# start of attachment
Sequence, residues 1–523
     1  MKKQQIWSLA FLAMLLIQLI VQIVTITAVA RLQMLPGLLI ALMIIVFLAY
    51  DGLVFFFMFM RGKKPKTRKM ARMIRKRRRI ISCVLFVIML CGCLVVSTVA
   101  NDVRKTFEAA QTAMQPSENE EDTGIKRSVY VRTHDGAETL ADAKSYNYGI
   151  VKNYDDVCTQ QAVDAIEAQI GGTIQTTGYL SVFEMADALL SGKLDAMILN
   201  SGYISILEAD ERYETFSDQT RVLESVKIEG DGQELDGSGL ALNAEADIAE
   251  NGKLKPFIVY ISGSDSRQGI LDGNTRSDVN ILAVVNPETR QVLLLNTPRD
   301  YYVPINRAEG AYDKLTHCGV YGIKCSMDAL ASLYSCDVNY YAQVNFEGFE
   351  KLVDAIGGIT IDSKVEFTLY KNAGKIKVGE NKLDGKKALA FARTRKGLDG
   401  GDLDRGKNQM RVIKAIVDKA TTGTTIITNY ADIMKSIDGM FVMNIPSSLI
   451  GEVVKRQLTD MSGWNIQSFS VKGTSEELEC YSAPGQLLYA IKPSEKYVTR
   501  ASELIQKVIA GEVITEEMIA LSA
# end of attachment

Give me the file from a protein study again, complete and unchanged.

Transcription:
Sequence, residues 1–523
     1  MKKQQIWSLA FLAMLLIQLI VQIVTITAVA RLQMLPGLLI ALMIIVFLAY
    51  DGLVFFFMFM RGKKPKTRKM ARMIRKRRRI ISCVLFVIML CGCLVVSTVA
   101  NDVRKTFEAA QTAMQPSENE EDTGIKRSVY VRTHDGAETL ADAKSYNYGI
   151  VKNYDDVCTQ QAVDAIEAQI GGTIQTTGYL SVFEMADALL SGKLDAMILN
   201  SGYISILEAD ERYETFSDQT RVLESVKIEG DGQELDGSGL ALNAEADIAE
   251  NGKLKPFIVY ISGSDSRQGI LDGNTRSDVN ILAVVNPETR QVLLLNTPRD
   301  YYVPINRAEG AYDKLTHCGV YGIKCSMDAL ASLYSCDVNY YAQVNFEGFE
   351  KLVDAIGGIT IDSKVEFTLY KNAGKIKVGE NKLDGKKALA FARTRKGLDG
   401  GDLDRGKNQM RVIKAIVDKA TTGTTIITNY ADIMKSIDGM FVMNIPSSLI
   451  GEVVKRQLTD MSGWNIQSFS VKGTSEELEC YSAPGQLLYA IKPSEKYVTR
   501  ASELIQKVIA GEVITEEMIA LSA